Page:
A good place to start looking for resources is Cyndi’s List. It is described as “A comprehensive, categorized & cross-referenced list of links that point you to genealogical research sites online.” You can browse categories or do a search to find what you are looking for, and then go to the actual site. It’s like a card catalog for online genealogy resources.

Familysearch.org is a free site with a lot of resources. There are several ways to search: by name in records or submitted genealogies, through a card catalog, and by region are a few. You can register for free and keep your family tree there, as well. If you are registered, you can upload photos (they are open to public view), stories and documents.

This is only a short list, but it’s a good start.

August meeting

We meet at 1 p.m. on the first Monday of every month except when that Monday is a holiday. So our next meeting is Aug. 4. The September meeting will be on Sept. 8.

Our meetings are held in our room (Room 134) of the Fort Dodge Public Library, 424 Central Ave. The public is welcome.

July meeting

The next meeting of the Webster County Genealogical Society will be at 1 p.m. on July 7 in Room 134 of the Fort Dodge Public Library, 424 Central Ave. The public is welcome to attend.

We will have some news about a project that will make some research easier.

What’s up? Ancestry was down

Ancestry.com and associated sites (Rootsweb and Find a Grave) were down for Monday, part of Tuesday and intermittently today due to a DDoS attack. Think of it like a bunch of people all dialing the same phone number at the same time (and keep dialing for a period of time) to make the lines busy, while people with legitimate reasons for calling aren’t able to get through.

There’s a post about it here.

The site is still slow, but should be back to regular service soon.

If you aren’t sure whether a site is down just for you or for everyone, try this site: IsUp.me. or www.downforeveryone.com (those are both the same site).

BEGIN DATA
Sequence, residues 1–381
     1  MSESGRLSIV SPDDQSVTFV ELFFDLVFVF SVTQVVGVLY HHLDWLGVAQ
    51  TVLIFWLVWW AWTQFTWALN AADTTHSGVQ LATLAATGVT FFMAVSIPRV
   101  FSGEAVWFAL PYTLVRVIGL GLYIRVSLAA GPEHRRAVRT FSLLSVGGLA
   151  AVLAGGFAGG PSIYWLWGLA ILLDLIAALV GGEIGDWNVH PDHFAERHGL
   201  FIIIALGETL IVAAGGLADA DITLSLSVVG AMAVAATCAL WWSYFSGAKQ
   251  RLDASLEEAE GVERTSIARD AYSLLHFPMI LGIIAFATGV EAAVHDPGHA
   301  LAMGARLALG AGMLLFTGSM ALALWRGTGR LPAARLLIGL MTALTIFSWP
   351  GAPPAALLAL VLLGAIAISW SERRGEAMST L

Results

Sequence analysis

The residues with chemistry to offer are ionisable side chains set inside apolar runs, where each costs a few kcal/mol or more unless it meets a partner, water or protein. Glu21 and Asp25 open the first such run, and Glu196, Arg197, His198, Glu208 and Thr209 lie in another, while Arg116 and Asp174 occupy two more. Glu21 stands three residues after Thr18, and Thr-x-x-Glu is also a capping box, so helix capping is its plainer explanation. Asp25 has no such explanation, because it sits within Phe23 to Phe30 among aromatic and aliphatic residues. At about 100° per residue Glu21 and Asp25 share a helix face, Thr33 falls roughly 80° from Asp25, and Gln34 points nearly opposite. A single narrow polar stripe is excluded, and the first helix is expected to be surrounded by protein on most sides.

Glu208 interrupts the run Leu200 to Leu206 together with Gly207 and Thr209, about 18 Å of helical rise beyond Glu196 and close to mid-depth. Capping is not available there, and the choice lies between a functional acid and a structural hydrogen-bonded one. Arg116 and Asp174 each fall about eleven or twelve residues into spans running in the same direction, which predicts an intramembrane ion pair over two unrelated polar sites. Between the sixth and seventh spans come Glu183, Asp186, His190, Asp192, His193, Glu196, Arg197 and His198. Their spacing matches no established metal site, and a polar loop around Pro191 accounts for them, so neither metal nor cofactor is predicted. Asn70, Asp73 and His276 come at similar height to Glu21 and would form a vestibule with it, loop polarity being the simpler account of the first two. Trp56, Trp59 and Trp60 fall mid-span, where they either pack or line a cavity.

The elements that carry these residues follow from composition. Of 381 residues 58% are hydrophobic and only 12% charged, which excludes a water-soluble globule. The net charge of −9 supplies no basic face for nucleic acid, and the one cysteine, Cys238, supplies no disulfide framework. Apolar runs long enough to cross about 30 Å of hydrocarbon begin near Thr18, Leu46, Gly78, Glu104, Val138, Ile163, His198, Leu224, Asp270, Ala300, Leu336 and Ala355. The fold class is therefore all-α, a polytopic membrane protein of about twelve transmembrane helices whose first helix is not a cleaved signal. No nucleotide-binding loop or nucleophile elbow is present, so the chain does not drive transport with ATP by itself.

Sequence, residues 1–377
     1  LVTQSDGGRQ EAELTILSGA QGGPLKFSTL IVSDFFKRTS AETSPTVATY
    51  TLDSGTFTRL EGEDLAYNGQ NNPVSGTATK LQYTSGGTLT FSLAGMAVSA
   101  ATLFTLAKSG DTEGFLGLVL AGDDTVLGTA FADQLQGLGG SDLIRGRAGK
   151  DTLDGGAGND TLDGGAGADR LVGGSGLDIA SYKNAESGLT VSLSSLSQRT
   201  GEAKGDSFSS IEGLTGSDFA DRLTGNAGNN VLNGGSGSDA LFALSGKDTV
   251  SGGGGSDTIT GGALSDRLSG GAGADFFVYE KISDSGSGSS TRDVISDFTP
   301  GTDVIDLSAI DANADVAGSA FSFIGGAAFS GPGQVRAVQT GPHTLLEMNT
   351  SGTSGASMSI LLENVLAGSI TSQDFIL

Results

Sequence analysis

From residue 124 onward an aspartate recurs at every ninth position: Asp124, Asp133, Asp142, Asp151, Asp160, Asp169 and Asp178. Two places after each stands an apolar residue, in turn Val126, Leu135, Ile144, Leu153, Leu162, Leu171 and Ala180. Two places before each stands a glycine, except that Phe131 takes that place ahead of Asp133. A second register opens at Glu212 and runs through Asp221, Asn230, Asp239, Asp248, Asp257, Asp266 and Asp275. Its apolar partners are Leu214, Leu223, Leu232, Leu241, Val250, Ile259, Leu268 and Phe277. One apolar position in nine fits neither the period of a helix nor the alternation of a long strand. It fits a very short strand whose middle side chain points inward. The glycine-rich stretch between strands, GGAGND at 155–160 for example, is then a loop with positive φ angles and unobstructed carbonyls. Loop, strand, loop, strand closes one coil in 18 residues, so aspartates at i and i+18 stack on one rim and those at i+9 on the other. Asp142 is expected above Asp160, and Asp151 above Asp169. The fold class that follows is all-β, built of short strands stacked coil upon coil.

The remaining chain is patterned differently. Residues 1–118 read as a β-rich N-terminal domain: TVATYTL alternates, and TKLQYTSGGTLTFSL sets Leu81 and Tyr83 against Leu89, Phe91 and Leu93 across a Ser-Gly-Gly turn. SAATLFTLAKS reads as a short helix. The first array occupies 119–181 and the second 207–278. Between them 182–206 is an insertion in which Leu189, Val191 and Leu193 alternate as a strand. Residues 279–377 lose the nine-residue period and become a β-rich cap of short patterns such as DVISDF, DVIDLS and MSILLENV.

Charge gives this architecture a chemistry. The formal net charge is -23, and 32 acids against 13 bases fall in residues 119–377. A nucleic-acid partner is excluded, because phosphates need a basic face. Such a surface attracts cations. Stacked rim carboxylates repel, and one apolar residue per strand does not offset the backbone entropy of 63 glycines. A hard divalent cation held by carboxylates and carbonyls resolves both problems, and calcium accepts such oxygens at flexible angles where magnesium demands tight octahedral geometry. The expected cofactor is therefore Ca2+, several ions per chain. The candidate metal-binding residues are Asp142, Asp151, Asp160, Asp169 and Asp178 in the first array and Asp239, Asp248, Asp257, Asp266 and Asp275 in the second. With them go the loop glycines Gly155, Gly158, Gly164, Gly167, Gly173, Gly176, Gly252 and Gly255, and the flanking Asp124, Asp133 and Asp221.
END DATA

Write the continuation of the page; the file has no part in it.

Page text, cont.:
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Type the web address in the box and hit Enter on your keyboard. The site sends a message to the site you are trying to access and tells you if it was successful or not.

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At just before 5 p.m. June 18, Ancestry was down (still/again). Rootsweb was down, but Find a Grave was working.

Czech heritage

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We had a gentleman stop by the society’s room today looking for information on how to research Czech genealogy.

I’m no expert.

We looked up some names in the Czech obits 1937-1980 book. The index lists the deceased, as well as others listed in the obits, such as survivors and pall bearers.

I also found a couple of sites that can help you get started researching Czech family history.

Get started with Czech genealogy
5 Places to Begin a Search for Czech Ancestors

Last year, I attended the Czech picnic in Fort Dodge. It was a happy accident. I was delivering Messenger bound books to Marion Pliner for indexing. She insisted that I stay and attend the picnic. It was a nice event.

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I haven’t heard when the next Czech picnic will be, but if you have Czech ancestry and want to find out more, it could be helpful to connect with others with similar interests.

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This table was full of family history items brought in for people to look at.